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Publication numberUS20060195436 A1
Publication typeApplication
Application numberUS 11/067,270
Publication dateAug 31, 2006
Filing dateFeb 28, 2005
Priority dateFeb 28, 2005
Publication number067270, 11067270, US 2006/0195436 A1, US 2006/195436 A1, US 20060195436 A1, US 20060195436A1, US 2006195436 A1, US 2006195436A1, US-A1-20060195436, US-A1-2006195436, US2006/0195436A1, US2006/195436A1, US20060195436 A1, US20060195436A1, US2006195436 A1, US2006195436A1
InventorsGilbert Levesque, Murali Vinnakota, Vidyadhar Joshi
Original AssigneeFujitsu Network Communications, Inc.
Export CitationBiBTeX, EndNote, RefMan
External Links: USPTO, USPTO Assignment, Espacenet
Phased migration of database software application
US 20060195436 A1
Abstract
The present invention provides in-place, phased migration from one version of a database software application release version to another of a software release version. A method for phased migration of a database software application comprises developing a database software application in a plurality of phases of development, at least some of the plurality of phases of development requiring a change in a schema of a database used by the database software application; and for each of the phases of development that requires a change in a schema of the database, performing phase-wise migration of the database by sequentially modifying the schema of the database based on the changes in the schema of the database required by each phase.
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Claims(15)
1. A method for phased migration of a database software application comprising:
developing a database software application in a plurality of phases of development, at least some of the plurality of phases of development requiring a change in a schema of a database used by the database software application; and
for each of the phases of development that requires a change in a schema of the database, performing phase-wise migration of the database by sequentially modifying the schema of the database based on the changes in the schema of the database required by each phase.
2. The method of claim 1, wherein, for each phase-wise migration, the schema is modified by data definition language statements defining modifications to a structure of the database and by data manipulation language statements specifying modification to data in the database.
3. The method of claim 1, further comprising:
before performing phase-wise migration of the database, upgrading an installation of a database software application to a new phase.
4. The method of claim 3, further comprising:
before performing phase-wise migration of the database, performing at least one of:
upgrading a database management system that is used to manage the database used by the database software application;
adjusting a size and structure of the database; and
repopulating a metamodel of the database.
5. The method of claim 4, further comprising:
after performing phase-wise migration of the database, performing at least one of:
staring execution of the new phase of the database software application;
performing database resynchronization involving recreating procedures, validating schema objects, or massaging metamodel to CM tables for syntactic cleanup;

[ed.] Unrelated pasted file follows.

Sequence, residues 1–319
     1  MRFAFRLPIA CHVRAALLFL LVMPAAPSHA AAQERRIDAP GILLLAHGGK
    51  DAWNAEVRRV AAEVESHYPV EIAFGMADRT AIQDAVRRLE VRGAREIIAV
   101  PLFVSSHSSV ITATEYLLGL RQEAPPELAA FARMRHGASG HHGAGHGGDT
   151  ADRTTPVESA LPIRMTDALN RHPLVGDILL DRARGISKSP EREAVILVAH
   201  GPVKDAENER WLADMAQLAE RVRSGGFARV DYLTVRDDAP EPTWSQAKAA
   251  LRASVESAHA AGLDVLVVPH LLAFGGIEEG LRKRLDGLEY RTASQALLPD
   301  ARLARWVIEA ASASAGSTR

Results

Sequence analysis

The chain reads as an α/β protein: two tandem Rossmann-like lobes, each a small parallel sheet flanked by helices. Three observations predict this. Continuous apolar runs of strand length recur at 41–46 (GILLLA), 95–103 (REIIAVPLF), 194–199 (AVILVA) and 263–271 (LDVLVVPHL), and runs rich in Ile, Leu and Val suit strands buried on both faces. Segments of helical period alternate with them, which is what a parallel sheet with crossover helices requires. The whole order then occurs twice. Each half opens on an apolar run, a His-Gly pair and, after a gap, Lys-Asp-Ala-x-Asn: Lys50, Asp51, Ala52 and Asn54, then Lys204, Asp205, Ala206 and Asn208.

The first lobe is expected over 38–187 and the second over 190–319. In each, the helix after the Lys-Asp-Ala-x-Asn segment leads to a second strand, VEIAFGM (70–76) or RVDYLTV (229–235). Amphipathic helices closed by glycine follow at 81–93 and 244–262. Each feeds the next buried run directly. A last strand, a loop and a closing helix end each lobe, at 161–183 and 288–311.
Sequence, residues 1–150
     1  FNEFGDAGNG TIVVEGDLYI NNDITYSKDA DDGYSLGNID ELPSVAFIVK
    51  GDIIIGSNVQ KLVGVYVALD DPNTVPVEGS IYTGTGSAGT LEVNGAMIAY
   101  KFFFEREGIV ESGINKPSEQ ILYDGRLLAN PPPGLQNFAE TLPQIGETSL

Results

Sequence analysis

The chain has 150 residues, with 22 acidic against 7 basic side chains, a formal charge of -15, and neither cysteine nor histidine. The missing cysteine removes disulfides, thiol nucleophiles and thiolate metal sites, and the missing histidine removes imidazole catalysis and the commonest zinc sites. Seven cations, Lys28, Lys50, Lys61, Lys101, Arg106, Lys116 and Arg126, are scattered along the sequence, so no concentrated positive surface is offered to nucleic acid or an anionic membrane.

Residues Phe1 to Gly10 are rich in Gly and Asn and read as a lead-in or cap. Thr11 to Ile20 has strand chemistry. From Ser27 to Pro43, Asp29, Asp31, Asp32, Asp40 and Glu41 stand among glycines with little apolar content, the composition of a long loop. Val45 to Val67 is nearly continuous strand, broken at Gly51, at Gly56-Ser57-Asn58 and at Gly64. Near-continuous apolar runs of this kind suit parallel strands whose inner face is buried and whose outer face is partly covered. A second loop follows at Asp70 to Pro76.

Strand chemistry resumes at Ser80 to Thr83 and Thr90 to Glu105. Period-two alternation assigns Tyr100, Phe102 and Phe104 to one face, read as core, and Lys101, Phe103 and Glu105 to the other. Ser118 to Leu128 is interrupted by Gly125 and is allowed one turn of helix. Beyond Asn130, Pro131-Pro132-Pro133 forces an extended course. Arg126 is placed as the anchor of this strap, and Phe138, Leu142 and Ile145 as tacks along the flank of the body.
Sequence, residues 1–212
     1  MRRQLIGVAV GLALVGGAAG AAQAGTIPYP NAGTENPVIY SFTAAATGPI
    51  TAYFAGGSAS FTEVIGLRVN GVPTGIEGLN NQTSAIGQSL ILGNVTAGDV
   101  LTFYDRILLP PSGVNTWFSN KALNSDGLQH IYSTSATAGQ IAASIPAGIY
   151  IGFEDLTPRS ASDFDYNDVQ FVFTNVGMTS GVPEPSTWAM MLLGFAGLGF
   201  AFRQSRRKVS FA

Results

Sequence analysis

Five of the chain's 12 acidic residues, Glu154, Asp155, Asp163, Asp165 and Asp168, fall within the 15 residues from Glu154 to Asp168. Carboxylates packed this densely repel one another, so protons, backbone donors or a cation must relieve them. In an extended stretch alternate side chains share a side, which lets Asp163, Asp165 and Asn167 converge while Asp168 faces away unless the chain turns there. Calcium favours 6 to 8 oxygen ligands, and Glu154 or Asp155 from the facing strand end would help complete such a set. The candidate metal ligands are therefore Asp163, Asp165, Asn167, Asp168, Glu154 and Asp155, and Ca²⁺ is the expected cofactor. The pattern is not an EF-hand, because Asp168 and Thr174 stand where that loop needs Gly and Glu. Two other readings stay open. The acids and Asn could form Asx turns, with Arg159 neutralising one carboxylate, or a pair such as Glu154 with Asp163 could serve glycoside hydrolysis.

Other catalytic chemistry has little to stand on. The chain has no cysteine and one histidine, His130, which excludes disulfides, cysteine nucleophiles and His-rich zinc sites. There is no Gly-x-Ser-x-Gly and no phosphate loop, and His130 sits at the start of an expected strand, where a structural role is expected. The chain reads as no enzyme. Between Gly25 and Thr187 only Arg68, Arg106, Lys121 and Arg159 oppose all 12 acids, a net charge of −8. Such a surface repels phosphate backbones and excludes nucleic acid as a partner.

running migration scripts that require the database software application to be running;
defragmenting the database; and
checking consistency of the database.
6. A computer program product for performing phased migration of a database software application developed in a plurality of phases of development, at least some of the plurality of phases of development requiring a change in a schema of a database used by the database software application, comprising:
a computer readable medium;
computer program instructions, recorded on the computer readable medium, executable by a processor, for performing the steps of
for each of the phases of development that requires a change in a schema of the database, performing phase-wise migration of the database by sequentially modifying the schema of the database based on the changes in the schema of the database required by each phase.
7. The computer program product of claim 6, wherein, for each phase-wise migration, the schema is modified by data definition language statements defining modifications to a structure of the database and by data manipulation language statements specifying modification to data in the database.
8. The computer program product of claim 6, further comprising:
before performing phase-wise migration of the database, upgrading an installation of a database software application to a new phase.
9. The computer program product of claim 8, further comprising:
before performing phase-wise migration of the database, performing at least one of:
upgrading a database management system that is used to manage the database used by the database software application;
adjusting a size and structure of the database; and
repopulating a metamodel of the database.
10. The computer program product of claim 9, further comprising:
after performing phase-wise migration of the database, performing at least one of:
staring execution of the new phase of the database software application;
performing database resynchronization involving recreating procedures, validating schema objects, or massaging metamodel to CM tables for syntactic cleanup;
running migration scripts that require the database software application to be running;
defragmenting the database; and
checking consistency of the database.